7) Because even were it constitutional and not either a failure or a ghastly moral violation, embryonic stem cell research is being done by thousands of companies worldwide without the requirement of the US government's - your - money. The common complaint about pharmaceutical corporations is that they are grossly wealthy and overcharge for their product, that they are greedy and price-gouging. If they have these vast sums of money, why do they need your tax dollars to do the research? If companies and research labs around the world are already doing this work why do they need your tax dollars to do it?

Snowflake BabiesIt's wrong, it's a failure, its unnecessary, and yet some persist in strident, often insulting calls for this funding. So why on earth would anyone anywhere want this? Because embryonic stem cells show incredible powers of healing and growth. They are what scientists believe allow a newborn baby to heal rapidly from harm and even regrow a joint lost from a finger or toe in some cases. They believe this is what makes a fertilized egg grow into a newborn baby in a short 9 months. So they want to tap into this immense growth and healing power to see what it can result in for adult humans.

The original claim was the Embryonic Stem Cells lasted forever in storage while adult stem cells did not. This has been demonstrated to be inaccurate (ES don't last forever, according to this report), and even were this true, the source of embryonic stem cells is dwarfed by several magnitudes by the sources of adult stem cells. Researchers have ideas and dreams and need money to test these theories out. They can get money from private research, but the government is an almost endless source, and they want at that vast sea of taxpayer dollars. So they push for their personal agenda.

And I am fine with that, I respect the desire. Just don't do it at the expense of helpless, innocent human life. Murdering babies to make adults feel better or live longer is one of the most evil things I can imagine.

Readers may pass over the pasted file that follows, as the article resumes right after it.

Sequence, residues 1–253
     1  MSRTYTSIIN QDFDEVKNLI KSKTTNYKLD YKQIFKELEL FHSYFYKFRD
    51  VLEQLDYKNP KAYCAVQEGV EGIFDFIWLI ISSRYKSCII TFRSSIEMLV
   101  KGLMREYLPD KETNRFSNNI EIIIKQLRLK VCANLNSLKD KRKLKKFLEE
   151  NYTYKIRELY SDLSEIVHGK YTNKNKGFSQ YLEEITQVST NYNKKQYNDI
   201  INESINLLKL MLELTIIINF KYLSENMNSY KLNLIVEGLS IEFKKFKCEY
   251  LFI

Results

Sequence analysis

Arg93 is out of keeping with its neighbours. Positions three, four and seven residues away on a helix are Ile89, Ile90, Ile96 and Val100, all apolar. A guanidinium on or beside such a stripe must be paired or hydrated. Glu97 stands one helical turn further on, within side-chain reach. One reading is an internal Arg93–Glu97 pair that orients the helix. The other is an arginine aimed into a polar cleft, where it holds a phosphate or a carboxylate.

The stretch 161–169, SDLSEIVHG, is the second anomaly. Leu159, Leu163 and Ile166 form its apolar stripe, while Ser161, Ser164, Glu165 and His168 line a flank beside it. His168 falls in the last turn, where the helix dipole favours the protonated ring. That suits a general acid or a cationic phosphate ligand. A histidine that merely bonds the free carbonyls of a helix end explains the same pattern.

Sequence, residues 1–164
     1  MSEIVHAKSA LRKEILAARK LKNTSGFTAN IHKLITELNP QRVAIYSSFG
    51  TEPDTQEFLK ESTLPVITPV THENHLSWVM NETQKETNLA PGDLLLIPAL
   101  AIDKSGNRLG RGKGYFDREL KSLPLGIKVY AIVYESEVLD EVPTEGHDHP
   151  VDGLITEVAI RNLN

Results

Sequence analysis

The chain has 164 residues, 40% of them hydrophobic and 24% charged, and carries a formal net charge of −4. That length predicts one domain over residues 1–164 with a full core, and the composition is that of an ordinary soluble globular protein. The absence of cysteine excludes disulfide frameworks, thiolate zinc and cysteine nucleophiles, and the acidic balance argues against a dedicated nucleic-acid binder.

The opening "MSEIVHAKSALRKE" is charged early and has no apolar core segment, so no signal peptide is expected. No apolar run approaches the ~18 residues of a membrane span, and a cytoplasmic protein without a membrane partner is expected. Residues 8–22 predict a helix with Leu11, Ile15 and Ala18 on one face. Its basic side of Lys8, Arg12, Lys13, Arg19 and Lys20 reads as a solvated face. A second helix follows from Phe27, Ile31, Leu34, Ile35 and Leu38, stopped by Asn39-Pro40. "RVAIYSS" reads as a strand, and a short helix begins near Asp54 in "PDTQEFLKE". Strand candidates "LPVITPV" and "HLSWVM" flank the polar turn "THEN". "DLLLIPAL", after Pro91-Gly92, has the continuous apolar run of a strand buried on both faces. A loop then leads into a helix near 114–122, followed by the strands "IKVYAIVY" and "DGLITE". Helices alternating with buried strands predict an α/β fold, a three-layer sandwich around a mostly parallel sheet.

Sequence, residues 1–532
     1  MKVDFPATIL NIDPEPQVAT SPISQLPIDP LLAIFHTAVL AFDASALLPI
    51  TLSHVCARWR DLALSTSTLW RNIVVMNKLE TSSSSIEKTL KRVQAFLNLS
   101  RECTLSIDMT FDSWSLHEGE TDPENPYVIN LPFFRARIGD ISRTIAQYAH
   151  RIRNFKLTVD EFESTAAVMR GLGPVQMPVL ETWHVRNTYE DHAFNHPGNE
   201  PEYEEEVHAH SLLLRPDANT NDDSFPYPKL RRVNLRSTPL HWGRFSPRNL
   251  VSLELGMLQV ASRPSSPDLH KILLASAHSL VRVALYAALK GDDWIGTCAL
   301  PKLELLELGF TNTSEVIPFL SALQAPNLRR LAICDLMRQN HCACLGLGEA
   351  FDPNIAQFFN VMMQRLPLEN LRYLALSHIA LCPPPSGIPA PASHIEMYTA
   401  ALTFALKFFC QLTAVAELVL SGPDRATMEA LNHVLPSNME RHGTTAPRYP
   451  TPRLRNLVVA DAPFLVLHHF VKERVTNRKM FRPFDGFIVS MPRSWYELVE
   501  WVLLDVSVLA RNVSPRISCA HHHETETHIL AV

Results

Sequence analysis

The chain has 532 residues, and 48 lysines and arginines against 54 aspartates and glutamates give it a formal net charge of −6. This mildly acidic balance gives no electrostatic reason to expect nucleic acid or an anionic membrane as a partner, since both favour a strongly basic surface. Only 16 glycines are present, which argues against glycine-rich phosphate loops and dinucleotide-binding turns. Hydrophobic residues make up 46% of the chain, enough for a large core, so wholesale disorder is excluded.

The worst part is the gross and often willful ignorance in regard to this debate. Glenn Reynolds, the Instapundit, constantly acts as if not only has President Bush banned stem cell research but that embryonic stem cell research is the only kind that exists. You will read again and again that the President "banned stem cell research" from people who know better but will say that because it sounds better and makes him look like an anti-science clod. You will see people claim that the president banned embryonic stem cell research, when he did no such thing, he simply banned federal funding for such research. Even though President Bush no doubt would like to ban all such research he does not have that power.

That's why I wrote this long entry this morning. Because of the misinformation, ignorance, and deliberate lying that goes on about this topic.

MengeleDr. Michael Gazzaniga in the New York Times called an early cloned embryo just a “hunk of cells,” and said that human dignity resides in a “lifetime of experiences and discovery.” Thus, according to this fellow, the older you are, the more worth you have - and an unborn or just born human is nearly or completely worthless? This is the kind of "reasoning" that led Dr Josef Mengele to his research which while it revealed a great deal of useful scientific information was judged so ghastly and immoral that it was sealed and never used.

Most of the people backing embryonic stem cell research and its federal funding are pro-abortion, they consider an unborn baby at most subhuman and unworthy of the considerations we give fully born humans. For them, a magical transformation occurs when the baby exits the mother.